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I'm a student with an interest in computer science and a lot of time on my hands. I've started solving Project Euler problems in PHP and Python, and most of the early problems are pretty easy to solve with either brute-force or common-sense solutions. However, when compared to the elegant solutions I see on some of the forums, my solutions are downright cumbersome, utilizing mathematical formualas I've had little experience with.

My question is, what resources do you recommend (books, websites, etc) so that I can improve the ways I solve these problems? Math books, theory websites, anything will do. I have a background in calculus, trig, all the high school math subjects, plus a decent knowledge of PHP and Python. I know I can't brute-force everything forever, and summer break means a lot of problems to solve!

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email me if you want to share solutions to these. i used to do them all the time and would like to start again, but it's more fun if you can talk about how you solved it with another person. check my profile for contact –  user132014 Jun 29 '10 at 1:08
1  
@Tom, can I join as well? your profile does not have your email. –  Ramadheer Singh Jun 29 '10 at 1:10
    
@gollum yeah i also have skype: tomdignan86 or tom(dot)dignan(at)gmail(dot)com –  user132014 Jun 29 '10 at 8:39
    
See stackoverflow.com/questions/1537306/… –  starblue Jun 29 '10 at 19:52
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3 Answers

up vote 10 down vote accepted

Project Euler is more about teaching a combination of number theory and programming than just about teaching programming :).

If you know nifty things about the numbers, you can approach a problem obliquely and come up with 'elegant' solutions.

For instance the amicable pair problem is fun to solve once you read up on the properties of Amicable Pairs

The other thing to consider is that you want to also take into account some programming shortcuts, like properties of numbers when represented in binary.

For example to check for an odd number compare:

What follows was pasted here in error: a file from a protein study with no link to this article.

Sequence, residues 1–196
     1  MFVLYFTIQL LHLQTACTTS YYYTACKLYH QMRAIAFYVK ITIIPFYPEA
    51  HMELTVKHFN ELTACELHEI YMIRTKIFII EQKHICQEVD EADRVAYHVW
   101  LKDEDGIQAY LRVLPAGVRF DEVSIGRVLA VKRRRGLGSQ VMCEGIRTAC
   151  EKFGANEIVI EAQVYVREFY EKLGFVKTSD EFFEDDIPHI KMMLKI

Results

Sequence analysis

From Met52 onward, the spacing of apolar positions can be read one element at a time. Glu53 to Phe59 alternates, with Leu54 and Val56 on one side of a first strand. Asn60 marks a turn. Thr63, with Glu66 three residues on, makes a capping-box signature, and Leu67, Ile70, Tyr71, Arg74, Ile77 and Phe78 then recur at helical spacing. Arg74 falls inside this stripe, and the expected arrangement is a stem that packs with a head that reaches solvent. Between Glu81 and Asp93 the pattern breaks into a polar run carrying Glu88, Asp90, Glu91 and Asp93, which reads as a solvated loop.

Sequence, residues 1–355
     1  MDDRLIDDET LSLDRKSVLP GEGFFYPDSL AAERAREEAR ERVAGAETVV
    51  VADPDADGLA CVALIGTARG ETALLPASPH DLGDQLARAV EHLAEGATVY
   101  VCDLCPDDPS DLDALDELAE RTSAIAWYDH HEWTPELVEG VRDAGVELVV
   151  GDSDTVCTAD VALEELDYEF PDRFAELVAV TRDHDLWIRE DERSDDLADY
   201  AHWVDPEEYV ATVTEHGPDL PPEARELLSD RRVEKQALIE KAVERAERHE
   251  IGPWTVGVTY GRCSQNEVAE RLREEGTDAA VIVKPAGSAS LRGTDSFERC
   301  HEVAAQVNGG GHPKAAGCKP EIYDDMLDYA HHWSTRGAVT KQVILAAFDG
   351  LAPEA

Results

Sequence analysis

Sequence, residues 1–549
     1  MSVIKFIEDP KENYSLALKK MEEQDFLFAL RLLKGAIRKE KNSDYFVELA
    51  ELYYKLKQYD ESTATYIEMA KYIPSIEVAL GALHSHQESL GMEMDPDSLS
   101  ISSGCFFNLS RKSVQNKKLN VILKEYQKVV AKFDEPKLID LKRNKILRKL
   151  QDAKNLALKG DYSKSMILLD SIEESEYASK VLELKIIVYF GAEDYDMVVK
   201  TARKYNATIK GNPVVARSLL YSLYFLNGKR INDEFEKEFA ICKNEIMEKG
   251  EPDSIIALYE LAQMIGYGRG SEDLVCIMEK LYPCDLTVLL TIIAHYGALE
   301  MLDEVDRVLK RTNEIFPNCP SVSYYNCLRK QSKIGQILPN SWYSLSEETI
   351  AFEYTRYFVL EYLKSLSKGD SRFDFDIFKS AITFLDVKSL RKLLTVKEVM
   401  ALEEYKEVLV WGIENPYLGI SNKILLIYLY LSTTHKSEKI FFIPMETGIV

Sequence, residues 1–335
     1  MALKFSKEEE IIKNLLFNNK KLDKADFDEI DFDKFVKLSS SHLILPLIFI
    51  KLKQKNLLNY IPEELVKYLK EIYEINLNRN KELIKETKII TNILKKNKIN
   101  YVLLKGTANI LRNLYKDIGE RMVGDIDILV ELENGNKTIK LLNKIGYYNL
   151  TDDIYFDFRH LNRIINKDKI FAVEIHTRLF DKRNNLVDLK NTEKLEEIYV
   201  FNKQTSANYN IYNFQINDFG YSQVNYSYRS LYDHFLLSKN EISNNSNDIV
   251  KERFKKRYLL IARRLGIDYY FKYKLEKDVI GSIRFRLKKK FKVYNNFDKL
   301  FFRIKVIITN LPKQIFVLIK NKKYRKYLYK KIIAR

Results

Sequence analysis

int isOdd1(int x) { return (x % 2); } 

vs.

 int isOdd2(int x) { return x & 1; }

Here is the x86_64 disassembly of the two

0000000000000000 <isOdd1>:
   0:   89 fa                   mov    %edi,%edx
   2:   c1 ea 1f                shr    $0x1f,%edx
   5:   8d 04 17                lea    (%rdi,%rdx,1),%eax
   8:   83 e0 01                and    $0x1,%eax
   b:   29 d0                   sub    %edx,%eax
   d:   c3                      retq   
   e:   66 90                   xchg   %ax,%ax

0000000000000010 <isOdd2>:
  10:   89 f8                   mov    %edi,%eax
  12:   83 e0 01                and    $0x1,%eax
  15:   c3                      retq  

Which one would you use ? :-)

So there are a lot of things to consider, and it's good to read up on other solutions to get hints, and to really think differently.

I hope this will get you more excited about programming :-)

Cheers,

Code for above:

isodd.c

int isOdd1(int x) {
        return x % 2;
}


int isOdd2(int x) {
        return x & 1;
}

To compile with gcc:

gcc -O99 -c -o isodd.o isodd.c

To see the disassembly with objdump:

objdump -d isodd.o

Output from objdump on an x86-64 platform

isodd.o:     file format elf64-x86-64


Disassembly of section .text:

0000000000000000 <isOdd1>:
   0:   89 fa                   mov    %edi,%edx
   2:   c1 ea 1f                shr    $0x1f,%edx
   5:   8d 04 17                lea    (%rdi,%rdx,1),%eax
   8:   83 e0 01                and    $0x1,%eax
   b:   29 d0                   sub    %edx,%eax
   d:   c3                      retq   
   e:   66 90                   xchg   %ax,%ax

0000000000000010 <isOdd2>:
  10:   89 f8                   mov    %edi,%eax
  12:   83 e0 01                and    $0x1,%eax
  15:   c3                      retq   
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+1 for mathworld.wolfram.com link. Lots of great stuff on mathworld. –  ataylor Jun 29 '10 at 5:21
    
The first is more complicated because the result is -1 for negative numbers. You should add != 0 to really make them equal and if that doesn't do it turn on optimization. –  starblue Jun 29 '10 at 19:57
    
right you are. My intention was to give some flavour regarding approaching a problem differently. It's just given as a stub example to show how compilers can behave differently. P.P.S: On compiler optimization this was compiled on a Linux x86_64 arch with gcc 4.4.2 -O99 flag. I did not touch the output. :-) (as you can see function frames etc. are all optimized out). Full code is getting added above... –  Elf King Jun 29 '10 at 21:36
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I recommend any standard book on algorithms. Many are the same, and they teach you about simple techniques and program flow control that can solve a problem in milliseconds that was previously taking minutes!

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Also, learning Dynamic Programming from an algorithms book will help you solve many of the Project Euler problems. –  Vineet Jun 29 '10 at 1:06
    
Do you have any specific recommendations? –  Tom Jun 29 '10 at 17:39
    
Data Structures and Algorithms in C++ By Goodrich, Mount & Tamassia was one I learnt from at university. There are heaps though, in case you want one targeted at a different language. –  anthony-arnold Jun 29 '10 at 23:37
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In Python - http://pyeuler.wikidot.com/ Project Euler website itself has a host of solutions by users - you may want to take a look at those if you want.

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